After investigating a fire that broke out on Boeing Co.’s 787 Dreamliner passenger jet, the National Transportation Safety Board said that backup protections in the aircraft’s lithium-ion batteries and electronics systems failed.
But the safety agency hasn’t reached a conclusion on the cause of the fire that occurred in Boston on Jan. 7 and partly led to last week’s grounding of Dreamliners worldwide that remains in effect.
Speaking to reporters Thursday from Washington, NTSB Chairman Deborah Hersman said the agency hadn’t determined what happened, but she added that the redundant safety systems installed by Boeing did not work.
The Federal Aviation Administration grounded the jet Jan. 16 after an emergency landing by All Nippon Airways in Japan because of a second fire believed to involve the plane’s onboard lithium ion batteries. Shortly after the FAA’s decision, countries around the world prohibited the new plane from flying.
“These events should not happen,” Hersman said. “As far as design of the aircraft, there are multiple systems to protect against a battery event like this. Those systems did not work as intended.”
Decision on grounding up to FAA
The decision on whether 787s should continue to be grounded in the U.S. belongs to the FAA. The independent safety board is responsible for collecting forensic evidence and conducting tests to determine what happened.
There is no timeline to when tests will be completed, but Hersman said the agency has “all hands on deck” looking into the problem. Investigators around the world are disassembling and scanning the batteries.
In its search for the exact cause of the fires, the NTSB has said it is looking for possible contaminants or manufacturing defects. The agency is also working with officials from Boeing, the FAA and the Navy, as well as investigators in France and Japan.
Japan, where the second fire occurred, is also where Boeing’s lithium ion batteries are made by Kyoto-based GS Yuasa Corp. The Japan Transport Safety Board, the country’s version of the FAA, is heading up the investigation into All Nippon’s emergency landing and reported fire.
So far, the NTSB’s investigators in the Boston fire have found that overheating was caused by short circuits and “thermal runaway,” a chain reaction in which heat spreads rapidly from cell to cell, Hersman said. “The significance of these events cannot be understated.”
Boeing said in a statement that it is working with its airline customers and the regulatory agencies to get the matter resolved but that it is not permitted to comment directly on the ongoing investigations.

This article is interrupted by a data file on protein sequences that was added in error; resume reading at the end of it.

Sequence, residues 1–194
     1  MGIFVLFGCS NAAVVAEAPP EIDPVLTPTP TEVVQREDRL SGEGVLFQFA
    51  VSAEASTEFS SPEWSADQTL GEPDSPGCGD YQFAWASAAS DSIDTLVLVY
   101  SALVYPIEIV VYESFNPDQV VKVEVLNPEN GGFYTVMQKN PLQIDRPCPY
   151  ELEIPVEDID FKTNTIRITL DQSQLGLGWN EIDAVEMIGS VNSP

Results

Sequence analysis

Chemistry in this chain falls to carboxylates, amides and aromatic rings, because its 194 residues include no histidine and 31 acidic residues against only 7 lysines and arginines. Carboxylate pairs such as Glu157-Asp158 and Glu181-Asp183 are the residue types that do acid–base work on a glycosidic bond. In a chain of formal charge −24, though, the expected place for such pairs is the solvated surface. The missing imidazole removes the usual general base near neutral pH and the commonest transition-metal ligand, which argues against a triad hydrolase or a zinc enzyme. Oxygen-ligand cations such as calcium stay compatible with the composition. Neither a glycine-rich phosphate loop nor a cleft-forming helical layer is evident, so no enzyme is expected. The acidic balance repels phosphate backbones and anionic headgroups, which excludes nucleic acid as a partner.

“The company has formed teams consisting of hundreds of engineering and technical experts who are working around the clock with the sole focus of resolving the issue and returning the 787 fleet to flight status,” Boeing said. “The safety of passengers and crew members who fly aboard Boeing airplanes is our highest priority.”
The 787’s battery systems were called into question on Jan. 7 when a smoldering fire was discovered on the underbelly of the plane operated by Japan Airlines after the 183 passengers and 11 crew members had deplaned at the gate.
In the second incident, which involved All Nippon Airways, smoke was seen swirling from the right side of the cockpit after an emergency landing related to the plane’s electrical systems. All 137 passengers and crew members were evacuated from the aircraft and slid down the 787’s emergency slides. Video of the event was captured by an onboard passenger and has been broadcast worldwide.
No one has been reported hurt or injured. But the recent events have become a public relations nightmare for the Chicago company, which has long heralded the Dreamliner as a representation of 21st century air travel.
Boeing has taken 848 orders for 787s from airlines and aircraft leasing firms around the world. Depending on the version ordered, the price ranges from $206.8 million to $243.6 million per jet.
The company has delivered 50 787s to eight airlines worldwide. Six are owned by Chicago-based United Airlines _ the only U.S. carrier that currently has 787s in its fleet.
In an earnings conference call on Thursday, United Continental Holdings Inc. Chief Executive Jeff Smisek defended the plane.
“History teaches us that all new aircraft types have issues, and the 787 is no different,” Smisek said. “We continue to have confidence in the aircraft and in Boeing’s ability to fix the issues, just as they have done on every other new aircraft model they’ve produced.”
In trading Thursday, Boeing’s stock closed up more than 1 percent, or $1.03, to $75.32. But the stock fell in after-hours trading.
Problems are expected with any new plane _ especially one as complicated and sophisticated as the 787. But the last time the FAA grounded a large commercial jet out of safety concerns was almost 34 years ago after a DC-10 crashed at Chicago O’Hare International Airport, killing all 271 aboard.
The 787, a twin-aisle aircraft that can seat 210 to 290 passengers, is the first large commercial jet with more than half its structure made of composite materials (carbon fibers meshed together with epoxy) rather than aluminum sheets. It’s also the first large commercial aircraft that extensively uses electrically powered systems involving lithium ion batteries.